Having all your linear TV channels in one place is convenient, but AirTV doesn’t go far enough in helping you sort through them. There’s no grid-based channel guide, like you’d get from a cable box, and over-the-air channels don’t show up in Sling’s “On Now” menu, which lets you quickly browse across channels by genre. You can’t even see what’s airing on your list of favorite channels without tuning to each one individually. The whole approach just seems wildly inefficient compared to a cable box, and to other streaming bundles such as PlayStation Vue and DirecTV Now.
DVR is also a major omission, and a baffling one. On other Android TV devices, Sling TV already supports DVR through a public beta program, but that option doesn’t appear on AirTV’s version of the app. As for recording broadcast channels, AirTV told me it wants to enable this in the future, but didn’t give a timeline. In the meantime, users can’t even pause or rewind live broadcasts.
If you decide to stop using Sling TV, AirTV becomes another Android TV box. Pressing the remote’s bottom-left button sends you to the Android home screen, where you can access YouTube, Google Play Movies & TV, and a slew of third-party apps from the Google Play Store (including Sling competitors such as PlayStation Vue). You can even go rogue from Sling by disabling the app in Android TV settings, which prevents it from loading on boot.
The AirTV USB tuner still functions without Sling TV as well. With Google’s own Live Channels app, you can browse and watch over-the-air TV with a traditional grid-based channel guide. (Sling TV’s app also lets you watch over-the-air channels without a subscription, but not without a Sling banner ad covering half the main My TV menu.) Alternatively, you can plug the tuner into a PC, download some drivers from Hauppauge, and watch live TV on your computer through a free program such as NextPVR. (The AirTV tuner appears to be just a rebranded model from Hauppauge, possibly the WinTV-HVR-955Q.)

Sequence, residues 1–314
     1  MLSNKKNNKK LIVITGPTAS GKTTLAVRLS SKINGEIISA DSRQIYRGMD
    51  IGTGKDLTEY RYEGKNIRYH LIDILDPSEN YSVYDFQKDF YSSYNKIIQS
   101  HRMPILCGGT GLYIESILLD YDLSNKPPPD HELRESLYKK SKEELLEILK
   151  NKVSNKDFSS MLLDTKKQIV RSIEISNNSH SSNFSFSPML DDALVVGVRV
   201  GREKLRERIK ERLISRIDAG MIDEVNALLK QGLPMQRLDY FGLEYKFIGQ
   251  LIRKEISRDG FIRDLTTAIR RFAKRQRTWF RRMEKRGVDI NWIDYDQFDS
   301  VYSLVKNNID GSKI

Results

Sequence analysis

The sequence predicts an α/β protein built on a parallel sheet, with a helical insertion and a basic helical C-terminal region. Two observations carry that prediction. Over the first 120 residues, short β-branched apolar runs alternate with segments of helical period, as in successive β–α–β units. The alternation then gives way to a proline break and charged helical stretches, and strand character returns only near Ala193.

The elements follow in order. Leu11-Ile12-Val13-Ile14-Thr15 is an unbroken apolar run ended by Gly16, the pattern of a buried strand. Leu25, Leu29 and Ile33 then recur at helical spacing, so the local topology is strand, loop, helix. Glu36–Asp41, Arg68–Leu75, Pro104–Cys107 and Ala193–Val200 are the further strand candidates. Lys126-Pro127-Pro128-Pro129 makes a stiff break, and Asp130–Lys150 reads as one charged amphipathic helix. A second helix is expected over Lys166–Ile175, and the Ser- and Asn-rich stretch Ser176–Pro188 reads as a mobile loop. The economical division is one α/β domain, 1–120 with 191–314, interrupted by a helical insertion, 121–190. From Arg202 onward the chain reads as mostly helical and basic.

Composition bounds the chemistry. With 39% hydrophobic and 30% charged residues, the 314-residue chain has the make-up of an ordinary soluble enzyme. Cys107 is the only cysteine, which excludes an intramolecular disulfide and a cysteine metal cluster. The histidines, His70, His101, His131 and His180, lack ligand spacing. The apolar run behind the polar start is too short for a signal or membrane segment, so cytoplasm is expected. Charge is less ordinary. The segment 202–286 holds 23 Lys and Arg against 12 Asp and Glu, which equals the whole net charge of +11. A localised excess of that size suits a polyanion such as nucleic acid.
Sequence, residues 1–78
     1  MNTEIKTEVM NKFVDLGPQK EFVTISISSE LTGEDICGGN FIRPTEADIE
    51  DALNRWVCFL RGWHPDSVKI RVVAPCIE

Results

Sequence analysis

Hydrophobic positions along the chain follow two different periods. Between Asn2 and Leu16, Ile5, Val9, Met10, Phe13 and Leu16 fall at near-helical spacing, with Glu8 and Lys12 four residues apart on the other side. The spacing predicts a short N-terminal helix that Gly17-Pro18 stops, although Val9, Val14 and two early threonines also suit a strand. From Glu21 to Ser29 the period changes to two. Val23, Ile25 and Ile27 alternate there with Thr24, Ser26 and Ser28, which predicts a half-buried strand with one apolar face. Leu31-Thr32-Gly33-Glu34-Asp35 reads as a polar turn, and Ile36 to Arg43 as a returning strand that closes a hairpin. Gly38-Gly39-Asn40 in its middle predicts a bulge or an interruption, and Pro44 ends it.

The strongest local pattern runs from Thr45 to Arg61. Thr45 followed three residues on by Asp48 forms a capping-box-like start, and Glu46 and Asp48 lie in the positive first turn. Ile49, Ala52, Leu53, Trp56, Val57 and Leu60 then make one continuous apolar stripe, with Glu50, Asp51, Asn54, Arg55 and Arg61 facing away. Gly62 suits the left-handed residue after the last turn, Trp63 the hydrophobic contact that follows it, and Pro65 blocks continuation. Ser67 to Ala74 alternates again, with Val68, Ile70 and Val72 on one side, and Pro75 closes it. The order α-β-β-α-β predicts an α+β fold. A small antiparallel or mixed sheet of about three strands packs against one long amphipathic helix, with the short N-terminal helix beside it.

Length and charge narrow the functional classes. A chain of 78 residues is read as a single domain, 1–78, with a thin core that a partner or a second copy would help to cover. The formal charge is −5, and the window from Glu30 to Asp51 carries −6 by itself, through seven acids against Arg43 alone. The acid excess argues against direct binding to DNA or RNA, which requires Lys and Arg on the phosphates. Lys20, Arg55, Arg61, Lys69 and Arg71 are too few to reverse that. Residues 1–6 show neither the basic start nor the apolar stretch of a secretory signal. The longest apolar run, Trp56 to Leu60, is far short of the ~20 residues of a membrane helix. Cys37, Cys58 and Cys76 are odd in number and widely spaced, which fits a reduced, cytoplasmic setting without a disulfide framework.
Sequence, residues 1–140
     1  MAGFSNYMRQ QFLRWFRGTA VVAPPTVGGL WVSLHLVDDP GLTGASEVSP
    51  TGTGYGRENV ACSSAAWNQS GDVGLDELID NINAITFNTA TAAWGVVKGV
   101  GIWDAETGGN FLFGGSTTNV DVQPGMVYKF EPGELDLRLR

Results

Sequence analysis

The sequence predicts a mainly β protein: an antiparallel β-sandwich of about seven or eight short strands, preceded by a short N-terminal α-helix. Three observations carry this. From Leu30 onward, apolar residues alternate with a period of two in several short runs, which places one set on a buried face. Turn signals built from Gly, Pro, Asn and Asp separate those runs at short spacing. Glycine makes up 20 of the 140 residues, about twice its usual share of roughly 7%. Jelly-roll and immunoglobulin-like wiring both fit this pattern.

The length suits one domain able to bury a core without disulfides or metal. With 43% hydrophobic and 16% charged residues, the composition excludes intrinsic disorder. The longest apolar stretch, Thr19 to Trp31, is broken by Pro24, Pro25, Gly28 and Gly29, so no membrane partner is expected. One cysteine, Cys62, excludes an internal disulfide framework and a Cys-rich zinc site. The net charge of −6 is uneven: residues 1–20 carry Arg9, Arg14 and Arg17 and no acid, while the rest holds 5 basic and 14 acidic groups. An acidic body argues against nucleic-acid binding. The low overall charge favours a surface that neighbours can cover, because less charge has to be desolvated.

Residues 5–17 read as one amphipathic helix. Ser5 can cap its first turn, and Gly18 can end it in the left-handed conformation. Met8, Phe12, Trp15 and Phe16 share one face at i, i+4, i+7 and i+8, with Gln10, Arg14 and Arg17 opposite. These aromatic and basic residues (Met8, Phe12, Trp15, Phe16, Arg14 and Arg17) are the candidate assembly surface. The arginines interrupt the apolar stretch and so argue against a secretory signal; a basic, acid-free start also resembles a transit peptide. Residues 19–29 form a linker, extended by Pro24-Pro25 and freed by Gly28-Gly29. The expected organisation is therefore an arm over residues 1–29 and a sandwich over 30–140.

Not that you’d want to buy an AirTV with these purposes in mind. The hardware, all clad in bright blue and white, is an eyesore–though it does make the remote control easier to find–and the internals are just average. Although AirTV doesn’t publicize tech specs, a system analysis revealed a quad-core 1.2GHz Cortex A53 processor, 1GB of RAM, and 8GB of storage. That feels adequate for navigating the Sling TV guide and the Android TV interface, but the device sometimes lagged when loading Google’s voice search. PlayStation Vue only runs at 30 frames per second (though that could be Sony’s fault). And while the AirTV also supports 4K video playback, it doesn’t support eye-popping 4K HDR.
The software situation is equally discouraging. Although Android 7.0 is more than eight months old, the AirTV ships with Android 6.0.1, which doesn’t support picture-in-picture or fast app switching. And like most other Android TV devices, AirTV doesn’t offer an app for Amazon Video. Those who want to tap Android TV’s full potential should save up for the far superior Nvidia Shield TV.
Of course, AirTV could update its software and add new features over time, but this is a product that shipped without the core antenna integration that it demonstrated to the press in January. That integration was delayed into late March in lieu of any notice or explanation for customers. Buying a product with the expectation of future improvements, like DVR support, would be foolish without a track record to go on.